It’s time for you to stop rapping.

Let that settle in for a second.

For some of you reading this article that was the most liberating thing you’ve heard in weeks. But it’s time. There are a myriad of reasons that explain why it’s time for you to stop rapping but right now you just need to embrace the joyous, liberating reality of your musical retirement.

For some, you need to hear the reality of something you know deep down is true but no one around you has the guts to tell you: you’re just not that good. And I’m not talking to people just starting out and trying to sharpen your craft. You’re off the hook here. I’m talking to you Mr. / Mrs. / Ms. 3 to 4 albums strong and all just aren’t that good. No one is saying you’re a bad person, but plenty of people are saying behind your back what you need to hear to your face – you’re not a good rapper and you haven’t been one for a while now. Deep down, you know it’s true but pride won’t let you accept it. Well allow me to be the voice of reason, conscious and honesty – you’re not that good and it’s time for you to stop rapping. I’m not being mean but, for once someone is telling you the honest truth you’ve been waiting to hear and it’s time to hang up the pen, blackberry, iPad “Notes” app or whatever you use to write rhymes with. But hang on with me, I’ll go deeper with you in a minute.

For others, it’s a bit more complicated. You are actually good at rhyming. People other than your grandma and the nice church folk actually compliment you on your skill. You’ve even had the opportunity to share your music with other people you respect musically and even THEY think you’re good. And not in a “keep it up brutha/sista, you on your way!” trying and not hurt your feelings kind of way either. They actually think you’re good. You rock crowds, you have the respect of your contemporaries and producers love working with you yet there’s a reality you must come face to face with – it’s time for you to stop rapping. At a minimum it’s time for you to stop pursuing a “career” in music. it’s not because you’re not good, it’s because you know deep in your heart of hearts that your heart isn’t in it.

Let me tell you a story from my own experience. I did music for YEARS with varying levels of passion when it came to how hard I was trying to be “full time.” During that time I took a position at a local church doing ministry. After focusing on local church ministry for a couple years exclusively, I returned to doing music with renewed vigor. Had some good songs, a different perspective of being an artist that pastors & parrishoner’s could connect with and a heart to do it well. I ALSO had a full-time job, still leading ministry, a wife and eventually a daughter. Add all of that together and let’s just summarize it all by saying Steve was a busy man. A friend of mine once said to me, in a COMPLETELY unrelated conversation, “you have to ask yourself ‘is what I’m doing worth trading my life for?’ Because WHATEVER you do, you have to trade something else to get it done. So you have to ask yourself that or that you’ll be trading your life for something you don’t even care about.” Musically, things were going descent. I rocked some decent sized crowds (decent meaning over 1,000 people) and sales were OK. One day, after a particularly LONG week of work, ministry, marriage, discipleship and fatherhood I was on my way to gig that I had to drive about 45-50 minutes to get to. I was getting paid for the gig so my wife wasn’t too mad that I was gone. As I was driving to the location on a rainy Friday night, I began to think about the time I was spending traveling, doing shows, recording, etc and the time I WASN’T spending with my beautiful wife and newborn daughter. Somewhere between listening to the instrumentals of that night’s set and looking at the “Maps” app on my phone for directions to the location I had a moment of clarity and I realized that I was trading my life at that particular moment. I was trading my time with my daughter, wife and time sleeping (my daughter was only 2 months at the time and if you’ve had kids you know how valuable sleep is at that time) and I realized the crowds, signing CDs, and a few hundred bucks a show wasn’t something I wanted to trade my life for. That night I realized that it was time for me to stop rapping.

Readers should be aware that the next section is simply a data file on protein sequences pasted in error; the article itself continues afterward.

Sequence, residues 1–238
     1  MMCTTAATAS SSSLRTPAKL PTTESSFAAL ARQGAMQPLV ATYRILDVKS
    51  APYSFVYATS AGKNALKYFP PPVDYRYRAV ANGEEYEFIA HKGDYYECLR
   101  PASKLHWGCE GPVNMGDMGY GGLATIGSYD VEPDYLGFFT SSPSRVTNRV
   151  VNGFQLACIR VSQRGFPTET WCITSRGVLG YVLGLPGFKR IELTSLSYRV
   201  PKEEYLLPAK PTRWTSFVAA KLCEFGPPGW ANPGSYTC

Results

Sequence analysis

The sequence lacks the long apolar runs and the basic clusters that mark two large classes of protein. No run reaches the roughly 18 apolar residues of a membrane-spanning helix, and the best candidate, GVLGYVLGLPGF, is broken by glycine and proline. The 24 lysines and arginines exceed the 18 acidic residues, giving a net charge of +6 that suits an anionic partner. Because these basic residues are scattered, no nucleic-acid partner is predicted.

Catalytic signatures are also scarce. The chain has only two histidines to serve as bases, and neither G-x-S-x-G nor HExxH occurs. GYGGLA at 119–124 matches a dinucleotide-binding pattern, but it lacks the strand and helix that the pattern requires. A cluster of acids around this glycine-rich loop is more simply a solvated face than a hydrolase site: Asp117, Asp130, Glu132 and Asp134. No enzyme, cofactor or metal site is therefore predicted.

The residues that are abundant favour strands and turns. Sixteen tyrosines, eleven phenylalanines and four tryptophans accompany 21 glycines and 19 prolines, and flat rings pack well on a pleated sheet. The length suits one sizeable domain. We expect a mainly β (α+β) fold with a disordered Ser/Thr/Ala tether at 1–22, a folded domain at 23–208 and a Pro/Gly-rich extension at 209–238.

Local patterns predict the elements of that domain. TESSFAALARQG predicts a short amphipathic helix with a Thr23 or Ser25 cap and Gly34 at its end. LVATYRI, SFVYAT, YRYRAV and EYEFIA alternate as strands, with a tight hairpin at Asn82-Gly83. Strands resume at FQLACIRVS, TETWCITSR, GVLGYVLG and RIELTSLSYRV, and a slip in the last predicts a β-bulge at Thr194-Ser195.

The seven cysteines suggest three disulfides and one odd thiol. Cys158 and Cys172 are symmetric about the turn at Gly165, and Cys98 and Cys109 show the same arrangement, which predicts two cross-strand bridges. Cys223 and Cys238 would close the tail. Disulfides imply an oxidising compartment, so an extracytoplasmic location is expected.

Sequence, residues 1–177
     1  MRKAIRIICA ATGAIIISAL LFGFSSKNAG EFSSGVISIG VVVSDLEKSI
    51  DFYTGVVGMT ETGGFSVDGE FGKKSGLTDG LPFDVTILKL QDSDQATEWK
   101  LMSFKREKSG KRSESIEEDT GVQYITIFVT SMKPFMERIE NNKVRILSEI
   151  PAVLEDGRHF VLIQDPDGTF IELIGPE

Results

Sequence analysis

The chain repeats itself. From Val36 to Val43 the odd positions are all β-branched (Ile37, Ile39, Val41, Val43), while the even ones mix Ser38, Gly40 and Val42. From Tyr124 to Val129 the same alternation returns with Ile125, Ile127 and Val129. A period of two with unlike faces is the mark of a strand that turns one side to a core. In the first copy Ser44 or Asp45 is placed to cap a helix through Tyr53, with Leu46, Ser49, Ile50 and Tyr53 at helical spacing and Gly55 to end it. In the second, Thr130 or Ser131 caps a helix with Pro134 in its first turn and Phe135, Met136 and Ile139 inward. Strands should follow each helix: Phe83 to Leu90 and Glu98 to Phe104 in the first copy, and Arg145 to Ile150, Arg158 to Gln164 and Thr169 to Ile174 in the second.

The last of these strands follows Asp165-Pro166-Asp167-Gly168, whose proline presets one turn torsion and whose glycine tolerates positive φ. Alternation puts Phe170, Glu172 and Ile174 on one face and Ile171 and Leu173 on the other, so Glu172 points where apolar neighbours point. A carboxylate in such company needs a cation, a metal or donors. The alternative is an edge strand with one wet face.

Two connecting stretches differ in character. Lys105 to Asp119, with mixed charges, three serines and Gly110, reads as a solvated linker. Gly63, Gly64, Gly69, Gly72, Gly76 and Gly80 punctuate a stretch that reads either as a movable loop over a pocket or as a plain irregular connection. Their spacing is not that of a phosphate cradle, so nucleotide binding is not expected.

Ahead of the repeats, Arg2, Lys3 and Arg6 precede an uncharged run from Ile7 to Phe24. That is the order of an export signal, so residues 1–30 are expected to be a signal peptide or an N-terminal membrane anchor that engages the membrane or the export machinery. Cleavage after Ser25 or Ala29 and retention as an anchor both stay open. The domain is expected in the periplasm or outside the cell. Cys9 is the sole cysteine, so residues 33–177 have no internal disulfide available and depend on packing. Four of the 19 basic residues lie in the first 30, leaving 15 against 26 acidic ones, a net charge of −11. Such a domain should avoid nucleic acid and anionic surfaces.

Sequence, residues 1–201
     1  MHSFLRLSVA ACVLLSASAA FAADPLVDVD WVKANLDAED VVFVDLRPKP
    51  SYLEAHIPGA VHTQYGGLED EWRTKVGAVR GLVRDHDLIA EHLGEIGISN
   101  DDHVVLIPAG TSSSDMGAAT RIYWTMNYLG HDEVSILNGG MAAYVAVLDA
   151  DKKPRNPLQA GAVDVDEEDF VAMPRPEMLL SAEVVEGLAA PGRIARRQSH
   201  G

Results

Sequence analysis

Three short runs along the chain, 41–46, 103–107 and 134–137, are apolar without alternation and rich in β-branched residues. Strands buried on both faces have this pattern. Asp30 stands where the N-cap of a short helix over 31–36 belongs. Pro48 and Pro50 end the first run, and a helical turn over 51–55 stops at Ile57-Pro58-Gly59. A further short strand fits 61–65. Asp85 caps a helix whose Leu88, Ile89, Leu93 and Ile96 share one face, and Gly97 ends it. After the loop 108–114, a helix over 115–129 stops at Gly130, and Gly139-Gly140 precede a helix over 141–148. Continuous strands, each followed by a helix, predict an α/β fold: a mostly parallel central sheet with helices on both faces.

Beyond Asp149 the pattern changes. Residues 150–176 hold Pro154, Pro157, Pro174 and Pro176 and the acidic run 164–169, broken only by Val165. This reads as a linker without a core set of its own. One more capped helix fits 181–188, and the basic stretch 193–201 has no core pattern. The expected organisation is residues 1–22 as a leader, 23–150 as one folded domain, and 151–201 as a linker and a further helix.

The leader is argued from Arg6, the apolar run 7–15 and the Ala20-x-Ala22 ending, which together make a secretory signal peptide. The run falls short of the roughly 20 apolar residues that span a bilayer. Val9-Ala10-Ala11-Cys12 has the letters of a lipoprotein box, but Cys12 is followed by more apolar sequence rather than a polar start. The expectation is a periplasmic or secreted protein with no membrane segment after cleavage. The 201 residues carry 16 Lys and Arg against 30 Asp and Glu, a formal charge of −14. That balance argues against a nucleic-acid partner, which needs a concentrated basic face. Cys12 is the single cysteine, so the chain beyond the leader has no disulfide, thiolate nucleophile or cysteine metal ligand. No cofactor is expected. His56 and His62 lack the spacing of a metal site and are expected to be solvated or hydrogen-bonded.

I had friends who, almost simultaneously, were making the move to go full time doing music. They were actually paying bills, buying their kids clothes, taking vacations, feeding their families off of doing music. I was so happy for them but to my surprise, I wasn’t jealous. We’d talk about them being on the road as much as they were and the things they were trading their lives for and for them it was worth it. For me, it was repulsive and it was time for me to stop rapping.